One of the latest developments in fighting MRSA bacteria colonizing a persons skin is the use of “blue light” therapy devices.

Usually used for treating skin conditions, particularly those affecting the face, blue light therapy devices have been found to eradicate MRSA.

How does blue light therapy kill MRSA?

Recent studies have shown that all bacteria, including MRSA are highly sensitive (i.e. can be killed by) light that is between 405-nm and 470-nm. Light in this spectrum is blue in color, hence the name.

The other good news is that the bacteria are unable to develop a resistance to this form of treatment so the blue light just keeps on killing! : )

Where can I get blue light therapy to treat my MRSA infection?

You have a few options here.

You could contact a medical center that offers blue light therapy for their patients such as a beauty therapy clinic and ask them if they are prepared to treat your MRSA infection with one of their devices.

Bear in mind though that due to the fact that MRSA is highly contagious they may well refuse.

If that happens don’t despair because there is another option…blue light therapy devices can be found online fairly easily on places such as Amazon, the world’s largest online marketplace. Just do a search for Blue Light Therapy Device or just click here to get the Project E Beauty LED 3 Colors Photo-rejuvenation Kit Facial Beauty Care Massager.

Be aware though that many of these devices are very expensive (i.e. hundreds of dollars) because the sellers are playing the MRSA card, and as such have “inflated” their prices.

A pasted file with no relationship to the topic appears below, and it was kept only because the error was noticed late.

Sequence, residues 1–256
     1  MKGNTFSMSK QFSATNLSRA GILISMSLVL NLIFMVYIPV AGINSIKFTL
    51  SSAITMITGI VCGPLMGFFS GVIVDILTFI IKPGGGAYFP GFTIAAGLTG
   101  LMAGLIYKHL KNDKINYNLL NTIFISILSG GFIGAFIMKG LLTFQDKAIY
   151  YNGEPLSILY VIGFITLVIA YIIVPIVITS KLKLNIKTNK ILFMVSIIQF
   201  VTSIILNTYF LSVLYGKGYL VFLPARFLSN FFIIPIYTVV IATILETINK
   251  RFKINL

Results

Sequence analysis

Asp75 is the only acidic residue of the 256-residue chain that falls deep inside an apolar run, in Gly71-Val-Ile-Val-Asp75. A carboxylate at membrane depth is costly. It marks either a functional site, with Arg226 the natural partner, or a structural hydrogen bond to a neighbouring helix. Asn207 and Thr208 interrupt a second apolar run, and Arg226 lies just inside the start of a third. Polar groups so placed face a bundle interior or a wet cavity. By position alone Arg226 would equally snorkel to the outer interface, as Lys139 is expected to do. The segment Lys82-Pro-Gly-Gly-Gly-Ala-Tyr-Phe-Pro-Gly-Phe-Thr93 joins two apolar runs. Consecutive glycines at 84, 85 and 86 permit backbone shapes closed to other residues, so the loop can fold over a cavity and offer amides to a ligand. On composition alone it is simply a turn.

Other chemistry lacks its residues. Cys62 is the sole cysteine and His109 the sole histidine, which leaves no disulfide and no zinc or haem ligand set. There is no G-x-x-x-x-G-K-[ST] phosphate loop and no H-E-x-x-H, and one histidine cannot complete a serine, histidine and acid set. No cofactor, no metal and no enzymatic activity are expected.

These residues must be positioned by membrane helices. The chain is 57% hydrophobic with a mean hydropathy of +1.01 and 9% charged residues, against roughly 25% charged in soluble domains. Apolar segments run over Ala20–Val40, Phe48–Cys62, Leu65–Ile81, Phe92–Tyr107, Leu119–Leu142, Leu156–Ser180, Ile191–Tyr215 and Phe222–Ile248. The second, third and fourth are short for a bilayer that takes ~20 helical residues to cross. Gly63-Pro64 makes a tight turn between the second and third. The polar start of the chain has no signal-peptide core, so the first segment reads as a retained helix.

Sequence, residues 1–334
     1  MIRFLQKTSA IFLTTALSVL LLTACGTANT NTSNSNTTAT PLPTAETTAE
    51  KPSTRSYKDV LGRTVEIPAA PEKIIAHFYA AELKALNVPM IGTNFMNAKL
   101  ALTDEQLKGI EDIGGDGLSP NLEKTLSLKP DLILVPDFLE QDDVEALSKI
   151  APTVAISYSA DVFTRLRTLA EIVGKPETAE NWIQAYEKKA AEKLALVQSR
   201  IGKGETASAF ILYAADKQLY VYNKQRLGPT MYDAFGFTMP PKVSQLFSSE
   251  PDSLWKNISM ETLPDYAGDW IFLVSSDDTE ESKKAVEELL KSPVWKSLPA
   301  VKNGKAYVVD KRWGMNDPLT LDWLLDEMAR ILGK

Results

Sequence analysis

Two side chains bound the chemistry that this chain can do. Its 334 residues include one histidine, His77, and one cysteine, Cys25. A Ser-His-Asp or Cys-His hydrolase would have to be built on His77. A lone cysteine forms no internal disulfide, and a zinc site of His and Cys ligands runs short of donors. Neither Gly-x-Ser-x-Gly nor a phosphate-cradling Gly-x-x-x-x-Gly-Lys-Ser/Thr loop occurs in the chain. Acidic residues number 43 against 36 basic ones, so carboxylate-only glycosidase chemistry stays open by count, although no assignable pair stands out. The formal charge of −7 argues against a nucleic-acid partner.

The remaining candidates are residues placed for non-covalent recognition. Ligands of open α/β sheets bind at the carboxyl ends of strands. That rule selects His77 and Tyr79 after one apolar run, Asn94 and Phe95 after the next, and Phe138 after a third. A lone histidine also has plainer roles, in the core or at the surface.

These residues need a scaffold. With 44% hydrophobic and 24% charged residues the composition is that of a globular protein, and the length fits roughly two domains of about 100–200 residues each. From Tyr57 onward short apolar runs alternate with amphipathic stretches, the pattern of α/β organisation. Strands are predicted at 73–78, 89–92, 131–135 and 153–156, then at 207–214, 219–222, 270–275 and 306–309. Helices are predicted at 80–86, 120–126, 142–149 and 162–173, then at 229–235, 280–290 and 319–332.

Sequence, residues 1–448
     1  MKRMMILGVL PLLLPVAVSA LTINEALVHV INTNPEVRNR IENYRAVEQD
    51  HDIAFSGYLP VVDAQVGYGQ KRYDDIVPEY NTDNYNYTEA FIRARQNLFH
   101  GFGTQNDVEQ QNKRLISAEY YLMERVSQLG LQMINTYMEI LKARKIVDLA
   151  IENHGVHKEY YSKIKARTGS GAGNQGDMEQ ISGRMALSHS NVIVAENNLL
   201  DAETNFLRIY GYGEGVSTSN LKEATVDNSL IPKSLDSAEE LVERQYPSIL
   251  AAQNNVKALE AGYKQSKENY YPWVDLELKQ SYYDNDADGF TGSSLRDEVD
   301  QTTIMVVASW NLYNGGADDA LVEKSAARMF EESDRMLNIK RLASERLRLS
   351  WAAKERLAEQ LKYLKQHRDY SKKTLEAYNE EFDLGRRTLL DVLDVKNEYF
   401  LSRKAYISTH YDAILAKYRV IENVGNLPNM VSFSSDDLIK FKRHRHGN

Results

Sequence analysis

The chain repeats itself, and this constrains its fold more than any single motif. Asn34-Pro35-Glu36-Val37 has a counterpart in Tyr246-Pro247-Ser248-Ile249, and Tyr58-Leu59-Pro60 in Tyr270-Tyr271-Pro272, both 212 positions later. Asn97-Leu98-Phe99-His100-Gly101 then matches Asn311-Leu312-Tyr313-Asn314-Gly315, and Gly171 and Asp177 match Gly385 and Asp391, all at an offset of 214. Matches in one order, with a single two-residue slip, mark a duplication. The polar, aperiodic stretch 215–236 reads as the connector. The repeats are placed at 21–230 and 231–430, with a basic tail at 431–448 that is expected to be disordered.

The third option is that you could ask an electrician or lighting specialist to locate a suitable bulb for you. Any LED blue light bulb that is between 405nm and 470nm with an energy density of 55 J/cm2 should do the trick.

In several laboratory tests, a bulb that has an energy density as low as 3 J/cm2 was found to be still effective at killing MRSA.

Is it safe?

Blue light therapy devices that run between 405nm and 470nm are extremely safe as they are not in the UV spectrum.

There are no known side effects of blue light therapy.

Do I recommend blue light therapy as a treatment for MRSA?

Unfortunately, by the time I found out about “blue light treatment” I had already recovered from MRSA so I never got the opportunity to try it for myself.

In saying that though, I am aware of it working for several other people I know. I certainly believe that if you can get some blue light therapy treatment, you should do so.

A quick reminder…

Don’t forget, Staph is extremely common and most, if not all people have it on their skin.

It only becomes a problem when your immunity is lowered to the point where your body can longer keep it at bay. This is when you get infected and get boils or something similar.

So…ultimately your best defense is to strengthen your immune system but this takes time.

So…while this is happening, anything you can do to reduce the amount of staph on your body will help as it will reduce the risk of re-infection due to the number of bacteria being reduced. This in turn means that your body can expend more of it’s energy actually healing itself than fighting the infection.

I hope this advice helps you on your recovery from MRSA and feel free to leave a comment below.

Thanks for reading…






Disclaimer: I am an affiliate of this product.

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